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Don’t have a meltdown, but German officials just found malware in a nuclear reactor

german nuclear power plant virus french station
Image used with permission by copyright holder
Officials at a German nuclear power plant found a grip of malware on an official system, according to a report from Reuters.

The plant in question, Gundremmingen, lies about 75 miles outside of Munich. The infected computer was installed in 2008 for visualizing data associated with transporting fuel rods, but by now is probably being carefully disassembled and disposed of.

Despite the pile of infections taking up space on the computer, nothing about the plant’s operation was compromised. That’s because the computer, which was used for visualizing fuel rod data, wasn’t connected to the Internet. None of the dangerous malware was activated, so the only way it could have spread was through USB drives.

Speaking of which, the German officials identified 18 USB drives that were also infected. Again, the infections weren’t causing issues, as they were all used on systems outside of the Internet’s domain.

Some of the malware found on the system is particularly nasty. W32.Ramnit, a virus Symantec first identified in January of 2010, travels through removable drives, and attempts to capture social media and banking passwords in browsers. Another worm, Conficker, was first discovered in 2010, and attempts to use the machine as part of a botnet, usually for denial of service attacks. It’s a keylogger as well, typically targeting users on social media.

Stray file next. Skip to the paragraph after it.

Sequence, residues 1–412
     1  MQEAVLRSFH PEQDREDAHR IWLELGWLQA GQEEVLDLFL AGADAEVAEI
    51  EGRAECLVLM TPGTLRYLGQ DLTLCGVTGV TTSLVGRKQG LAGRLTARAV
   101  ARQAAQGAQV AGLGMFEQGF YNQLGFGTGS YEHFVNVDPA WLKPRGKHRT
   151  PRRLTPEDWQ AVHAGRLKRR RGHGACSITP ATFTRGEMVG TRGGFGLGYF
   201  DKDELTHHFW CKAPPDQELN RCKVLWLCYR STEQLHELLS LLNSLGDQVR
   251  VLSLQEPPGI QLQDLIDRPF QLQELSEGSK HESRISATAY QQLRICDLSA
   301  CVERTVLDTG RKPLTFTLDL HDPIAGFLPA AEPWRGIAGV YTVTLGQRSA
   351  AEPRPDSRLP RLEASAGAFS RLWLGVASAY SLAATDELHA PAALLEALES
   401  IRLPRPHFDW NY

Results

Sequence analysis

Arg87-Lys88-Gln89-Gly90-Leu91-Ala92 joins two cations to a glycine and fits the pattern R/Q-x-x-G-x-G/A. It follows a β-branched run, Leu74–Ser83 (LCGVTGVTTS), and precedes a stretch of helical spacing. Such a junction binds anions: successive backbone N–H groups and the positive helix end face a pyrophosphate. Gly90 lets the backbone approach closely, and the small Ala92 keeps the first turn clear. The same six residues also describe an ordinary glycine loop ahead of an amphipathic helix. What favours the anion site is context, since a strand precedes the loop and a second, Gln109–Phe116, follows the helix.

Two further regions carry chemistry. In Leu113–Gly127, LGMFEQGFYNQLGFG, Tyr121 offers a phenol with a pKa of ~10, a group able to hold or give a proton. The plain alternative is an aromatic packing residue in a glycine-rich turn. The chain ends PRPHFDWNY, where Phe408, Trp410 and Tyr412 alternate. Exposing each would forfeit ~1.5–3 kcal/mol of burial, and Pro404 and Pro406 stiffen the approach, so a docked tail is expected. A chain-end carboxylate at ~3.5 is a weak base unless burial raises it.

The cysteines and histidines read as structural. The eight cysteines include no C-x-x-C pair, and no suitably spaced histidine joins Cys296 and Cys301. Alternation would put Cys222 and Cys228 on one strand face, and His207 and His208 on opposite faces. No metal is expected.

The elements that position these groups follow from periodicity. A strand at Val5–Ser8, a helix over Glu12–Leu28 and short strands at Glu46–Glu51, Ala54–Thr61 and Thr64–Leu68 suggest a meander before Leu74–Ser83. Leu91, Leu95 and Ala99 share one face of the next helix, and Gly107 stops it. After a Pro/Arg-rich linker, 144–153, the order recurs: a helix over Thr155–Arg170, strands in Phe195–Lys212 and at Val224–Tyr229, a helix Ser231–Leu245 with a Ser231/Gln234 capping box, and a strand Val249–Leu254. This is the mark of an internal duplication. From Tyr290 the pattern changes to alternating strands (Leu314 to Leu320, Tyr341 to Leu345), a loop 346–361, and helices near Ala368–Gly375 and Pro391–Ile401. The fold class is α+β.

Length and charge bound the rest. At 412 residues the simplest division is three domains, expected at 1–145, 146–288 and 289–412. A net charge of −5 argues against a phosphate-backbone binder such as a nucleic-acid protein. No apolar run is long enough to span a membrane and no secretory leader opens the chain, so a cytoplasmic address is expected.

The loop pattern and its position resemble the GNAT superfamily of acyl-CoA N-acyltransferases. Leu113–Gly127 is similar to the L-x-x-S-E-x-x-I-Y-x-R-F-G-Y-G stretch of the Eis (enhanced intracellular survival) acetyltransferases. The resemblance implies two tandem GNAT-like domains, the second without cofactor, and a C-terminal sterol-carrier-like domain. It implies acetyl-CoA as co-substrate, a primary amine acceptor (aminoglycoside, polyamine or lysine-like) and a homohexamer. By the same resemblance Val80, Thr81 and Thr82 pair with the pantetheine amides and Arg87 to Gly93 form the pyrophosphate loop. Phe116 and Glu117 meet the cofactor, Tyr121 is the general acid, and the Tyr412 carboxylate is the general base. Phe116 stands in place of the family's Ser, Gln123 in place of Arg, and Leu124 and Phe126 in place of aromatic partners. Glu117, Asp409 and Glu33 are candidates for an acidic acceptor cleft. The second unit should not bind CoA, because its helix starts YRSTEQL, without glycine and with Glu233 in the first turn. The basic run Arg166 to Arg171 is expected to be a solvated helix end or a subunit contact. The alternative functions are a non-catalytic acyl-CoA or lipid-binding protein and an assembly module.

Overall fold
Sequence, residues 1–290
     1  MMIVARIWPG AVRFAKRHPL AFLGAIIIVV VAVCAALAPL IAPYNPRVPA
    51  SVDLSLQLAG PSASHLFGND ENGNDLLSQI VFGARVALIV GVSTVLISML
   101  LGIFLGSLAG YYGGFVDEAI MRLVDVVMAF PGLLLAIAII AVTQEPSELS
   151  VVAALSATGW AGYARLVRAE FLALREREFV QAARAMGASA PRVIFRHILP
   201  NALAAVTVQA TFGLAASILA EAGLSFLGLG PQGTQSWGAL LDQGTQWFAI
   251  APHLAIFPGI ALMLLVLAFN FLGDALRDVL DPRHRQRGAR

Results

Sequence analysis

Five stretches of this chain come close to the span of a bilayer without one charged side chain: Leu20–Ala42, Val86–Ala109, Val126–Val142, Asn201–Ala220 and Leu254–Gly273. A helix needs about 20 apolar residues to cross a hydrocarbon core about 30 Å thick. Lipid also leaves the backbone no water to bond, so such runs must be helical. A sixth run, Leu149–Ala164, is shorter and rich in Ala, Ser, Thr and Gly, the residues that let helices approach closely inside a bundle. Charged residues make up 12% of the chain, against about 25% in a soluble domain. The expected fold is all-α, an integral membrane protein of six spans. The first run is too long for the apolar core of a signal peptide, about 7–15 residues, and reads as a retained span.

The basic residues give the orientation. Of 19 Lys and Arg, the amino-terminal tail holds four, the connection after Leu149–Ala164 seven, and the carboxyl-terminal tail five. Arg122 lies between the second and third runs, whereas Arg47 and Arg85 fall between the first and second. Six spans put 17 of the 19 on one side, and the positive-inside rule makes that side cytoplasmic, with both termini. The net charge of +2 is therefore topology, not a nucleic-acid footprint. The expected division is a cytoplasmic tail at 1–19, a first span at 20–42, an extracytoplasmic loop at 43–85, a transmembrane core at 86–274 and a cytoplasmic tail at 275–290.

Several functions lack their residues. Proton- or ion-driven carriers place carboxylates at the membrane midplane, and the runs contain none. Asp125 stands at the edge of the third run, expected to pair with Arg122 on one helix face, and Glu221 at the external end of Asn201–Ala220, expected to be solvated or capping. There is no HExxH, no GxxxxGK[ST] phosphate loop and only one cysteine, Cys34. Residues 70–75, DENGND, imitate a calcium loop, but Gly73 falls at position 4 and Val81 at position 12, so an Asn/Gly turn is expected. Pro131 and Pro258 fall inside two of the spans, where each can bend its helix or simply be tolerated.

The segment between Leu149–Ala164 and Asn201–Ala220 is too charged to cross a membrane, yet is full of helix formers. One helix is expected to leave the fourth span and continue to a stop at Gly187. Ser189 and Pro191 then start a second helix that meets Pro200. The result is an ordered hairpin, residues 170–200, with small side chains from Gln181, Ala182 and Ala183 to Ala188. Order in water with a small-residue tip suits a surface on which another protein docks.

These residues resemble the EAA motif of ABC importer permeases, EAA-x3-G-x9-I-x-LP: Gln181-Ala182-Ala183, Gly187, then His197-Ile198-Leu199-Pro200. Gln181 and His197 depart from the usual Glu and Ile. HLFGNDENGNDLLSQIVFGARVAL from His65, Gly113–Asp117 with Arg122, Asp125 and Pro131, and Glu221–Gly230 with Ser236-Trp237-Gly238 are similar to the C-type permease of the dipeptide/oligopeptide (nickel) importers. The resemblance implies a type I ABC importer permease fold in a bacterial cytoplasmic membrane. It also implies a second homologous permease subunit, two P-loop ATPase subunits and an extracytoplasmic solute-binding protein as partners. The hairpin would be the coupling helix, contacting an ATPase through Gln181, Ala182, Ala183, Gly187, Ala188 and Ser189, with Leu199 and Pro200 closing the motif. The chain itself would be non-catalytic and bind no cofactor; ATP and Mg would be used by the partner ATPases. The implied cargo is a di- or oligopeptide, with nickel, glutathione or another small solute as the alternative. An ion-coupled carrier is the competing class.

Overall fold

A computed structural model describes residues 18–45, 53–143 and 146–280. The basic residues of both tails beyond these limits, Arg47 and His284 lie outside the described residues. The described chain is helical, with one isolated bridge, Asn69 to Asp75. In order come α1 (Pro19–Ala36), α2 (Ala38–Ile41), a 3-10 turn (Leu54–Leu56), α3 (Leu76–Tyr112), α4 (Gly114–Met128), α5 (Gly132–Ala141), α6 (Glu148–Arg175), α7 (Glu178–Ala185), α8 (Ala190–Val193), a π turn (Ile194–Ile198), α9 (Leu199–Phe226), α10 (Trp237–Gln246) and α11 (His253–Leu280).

But without a connection to the Internet, none of the malware could be activated. Even if it was, the machine wasn’t used for banking or social media, so the keylogging and botnet functions would’ve been effectively useless. Power plant officials have stepped up cyber security around all of its systems in response.

Nuclear power plants definitely come in near the top of the list of facilities I don’t want a virus to infect, and it’s not hard to see why they might be a target for hackers. In this case, the German power plant was lucky that particular system had an air gap between itself and other machines.

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Brad Bourque
Former Digital Trends Contributor
Brad Bourque is a native Portlander, devout nerd, and craft beer enthusiast. He studied creative writing at Willamette…
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